Consider his 2012 hopes greatly enhanced, because Perez birdied each of his first three holes, shot 66, and the always-popular “projection” had him leapfrogging into 29th place in the FEC standings. And, as all of us have learned in our FEC 101 primer, the top 30 after the BMW Championship qualify for the Tour Championship, and besides the chance to divvy an $8 million purse between you and 29 of your friends, there’s the bonus of knowing you’re in all the biggest tournaments the next season.
“The Tour Championship would be a huge deal for me,” said Perez, who in his career has played in just two Masters, for U.S. Opens and three Open Championships. “To be able to set that schedule and know I’m in everything. I won’t get (ripped off) on hotel rooms, buying them last minute. That would be nice.”
Behind dark shades to block out the pulsating sunshine, he shook his head. “This,” he said, “is like a whole new year for me, these four weeks.”
Similarly, PGA Tour rookie Brian Harman surpassed Perez’s score by one but matched his enthusiasm for what’s at stake. But you’ve heard that no one can figure out the points distribution system? Not true with Harman.
“I guess they’re quadrupled this week. Is that right?”
Actually, not quite. You get five times as many points, so that instead of the 500 points a winner would get for a regular-season tournament, this week he’d get 2,500. Second-place will get 1,500, not 300, and so on down the line.
Harman smiled. Give him credit. He was at least on the right path, and he’s surely headed in the right direction with his play. His seven birdies against one bogey to shoot 65 and share second with Nick Watney had Harman “projected” to move 87 spots and sit 10th in the FEC standings.
Now that gives the tournament meaning, even if he isn’t zeroed in on the exact-points thing.
“I know there’s more this week than there normally is,” Harman said. “I do know this: They give a winning check to the guy with the low score, and the higher you finish, the better it’s going to be.”
For some, Round 1 was as good as it gets – not only for the morning competitors who suggest they’ll never see Bethpage play any easier, but also for fans who got a pairing of Woods and Rory McIlroy. Early on, the wunderkind from Northern Ireland was on fire – 3 under for six holes – but by round’s end, Woods sneaked in at 68, one better than McIlroy.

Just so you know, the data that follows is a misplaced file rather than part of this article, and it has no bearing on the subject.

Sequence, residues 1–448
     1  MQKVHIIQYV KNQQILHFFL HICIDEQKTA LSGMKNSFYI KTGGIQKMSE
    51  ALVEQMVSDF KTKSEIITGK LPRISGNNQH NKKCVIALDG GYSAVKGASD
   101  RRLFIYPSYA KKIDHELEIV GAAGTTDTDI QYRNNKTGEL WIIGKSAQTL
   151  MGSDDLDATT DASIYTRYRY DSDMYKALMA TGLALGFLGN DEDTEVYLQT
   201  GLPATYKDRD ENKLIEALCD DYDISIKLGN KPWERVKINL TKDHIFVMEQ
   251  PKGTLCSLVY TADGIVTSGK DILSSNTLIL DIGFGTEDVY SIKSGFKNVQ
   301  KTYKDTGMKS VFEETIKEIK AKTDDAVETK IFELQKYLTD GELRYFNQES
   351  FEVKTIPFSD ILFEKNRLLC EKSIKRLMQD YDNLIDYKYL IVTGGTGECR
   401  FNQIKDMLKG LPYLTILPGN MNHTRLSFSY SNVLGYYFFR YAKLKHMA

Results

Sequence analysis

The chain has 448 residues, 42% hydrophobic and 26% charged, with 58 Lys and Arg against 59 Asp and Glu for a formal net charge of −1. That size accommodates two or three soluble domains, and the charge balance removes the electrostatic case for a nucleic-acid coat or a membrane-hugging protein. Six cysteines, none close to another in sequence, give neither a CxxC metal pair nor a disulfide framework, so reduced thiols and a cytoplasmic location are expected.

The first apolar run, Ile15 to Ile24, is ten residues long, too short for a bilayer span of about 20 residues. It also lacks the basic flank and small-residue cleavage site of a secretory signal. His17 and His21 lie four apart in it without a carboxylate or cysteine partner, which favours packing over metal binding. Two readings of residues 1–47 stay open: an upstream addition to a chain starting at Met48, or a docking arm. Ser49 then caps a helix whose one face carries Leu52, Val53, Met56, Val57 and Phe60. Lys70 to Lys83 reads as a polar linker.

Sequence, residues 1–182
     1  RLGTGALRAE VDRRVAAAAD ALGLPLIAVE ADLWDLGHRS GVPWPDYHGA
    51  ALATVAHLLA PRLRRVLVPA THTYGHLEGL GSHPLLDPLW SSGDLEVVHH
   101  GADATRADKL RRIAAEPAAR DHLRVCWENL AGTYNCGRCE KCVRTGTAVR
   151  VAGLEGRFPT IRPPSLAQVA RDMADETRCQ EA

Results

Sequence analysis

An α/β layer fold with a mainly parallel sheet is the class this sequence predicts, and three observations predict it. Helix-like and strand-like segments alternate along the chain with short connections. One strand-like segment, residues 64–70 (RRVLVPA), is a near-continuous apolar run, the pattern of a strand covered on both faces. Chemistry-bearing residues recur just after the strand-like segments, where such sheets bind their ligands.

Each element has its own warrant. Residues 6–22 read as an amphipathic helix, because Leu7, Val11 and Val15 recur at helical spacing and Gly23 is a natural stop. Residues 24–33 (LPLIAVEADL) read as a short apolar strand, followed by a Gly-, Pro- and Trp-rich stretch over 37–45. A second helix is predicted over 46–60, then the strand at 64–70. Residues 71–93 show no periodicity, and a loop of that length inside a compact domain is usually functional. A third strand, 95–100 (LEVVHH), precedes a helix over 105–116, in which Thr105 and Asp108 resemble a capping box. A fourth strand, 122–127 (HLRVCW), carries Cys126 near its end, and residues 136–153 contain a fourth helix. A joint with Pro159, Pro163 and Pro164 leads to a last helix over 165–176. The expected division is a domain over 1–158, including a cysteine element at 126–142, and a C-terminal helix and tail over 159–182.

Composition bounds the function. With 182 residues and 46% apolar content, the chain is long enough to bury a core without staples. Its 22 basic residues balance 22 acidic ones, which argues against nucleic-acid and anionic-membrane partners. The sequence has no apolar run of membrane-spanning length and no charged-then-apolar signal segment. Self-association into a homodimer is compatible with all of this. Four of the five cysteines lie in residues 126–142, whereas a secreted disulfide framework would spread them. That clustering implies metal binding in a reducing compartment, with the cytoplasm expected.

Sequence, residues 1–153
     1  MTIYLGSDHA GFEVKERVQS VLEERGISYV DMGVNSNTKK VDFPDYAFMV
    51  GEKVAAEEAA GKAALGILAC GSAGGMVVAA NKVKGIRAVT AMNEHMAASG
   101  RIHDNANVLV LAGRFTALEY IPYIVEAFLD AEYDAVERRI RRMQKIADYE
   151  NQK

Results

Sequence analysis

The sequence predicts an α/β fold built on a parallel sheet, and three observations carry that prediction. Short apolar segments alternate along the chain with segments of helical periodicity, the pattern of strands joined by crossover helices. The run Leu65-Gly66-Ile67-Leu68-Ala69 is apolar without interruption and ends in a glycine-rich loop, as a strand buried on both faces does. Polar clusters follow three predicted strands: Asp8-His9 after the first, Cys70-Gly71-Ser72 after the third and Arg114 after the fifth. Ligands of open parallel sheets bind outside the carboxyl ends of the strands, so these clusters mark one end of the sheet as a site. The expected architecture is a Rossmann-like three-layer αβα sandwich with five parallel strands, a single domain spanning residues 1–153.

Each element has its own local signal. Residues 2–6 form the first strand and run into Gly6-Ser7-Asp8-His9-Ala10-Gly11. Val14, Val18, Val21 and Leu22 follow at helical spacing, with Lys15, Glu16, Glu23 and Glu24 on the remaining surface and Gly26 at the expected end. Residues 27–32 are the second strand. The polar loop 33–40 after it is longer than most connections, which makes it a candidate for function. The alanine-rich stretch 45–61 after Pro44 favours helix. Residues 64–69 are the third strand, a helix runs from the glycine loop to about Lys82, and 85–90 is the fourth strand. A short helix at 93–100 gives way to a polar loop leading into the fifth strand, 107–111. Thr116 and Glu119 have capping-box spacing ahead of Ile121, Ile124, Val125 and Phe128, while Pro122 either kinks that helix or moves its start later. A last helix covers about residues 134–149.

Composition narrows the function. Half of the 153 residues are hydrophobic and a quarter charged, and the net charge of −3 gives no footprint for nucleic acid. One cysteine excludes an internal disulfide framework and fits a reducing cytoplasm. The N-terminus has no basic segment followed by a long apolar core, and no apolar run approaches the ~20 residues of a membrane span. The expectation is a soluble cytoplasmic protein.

Neither seemed upset, nor were they spotted rushing to the nearest computer to hit refresh and see where they are projected in the FEC race. Oh, and they aren’t involved in that other delightful storyline that is ongoing this week: the battle for Ryder Cup participation.
Harrington is considered to be in the mix for a European captain’s pick, which even McIlroy suggested would have to be a formality “should he win this week.” But just as Dustin Johnson, who didn’t hurt his hopes of being one of Davis Love’s picks for the U.S. by opening with 67, tries to sidestep the topic (“I think I’ll be an asset to the team, but I just need to go play golf,” he said), Harrington laughs that “I’ll plead the Fifth Amendment.”
Do they have such a thing in Ireland?
“We watch a lot of American movies,” Harrington said, laughing. “But, no, we don’t have that right.”
He does, however, have a piece of several storylines swirling here – the chance to win a tournament and nail down a seventh consecutive Ryder Cup spot.
Perez, while excited to compete for a spot in the Tour Championship, doesn’t feel as rich. There’s no Ryder Cup spot in his future.
“I’d have to win this week and next to even have a remote chance of Davis to even call me and say, ‘I’m not picking you,’ “ Perez said, smiling.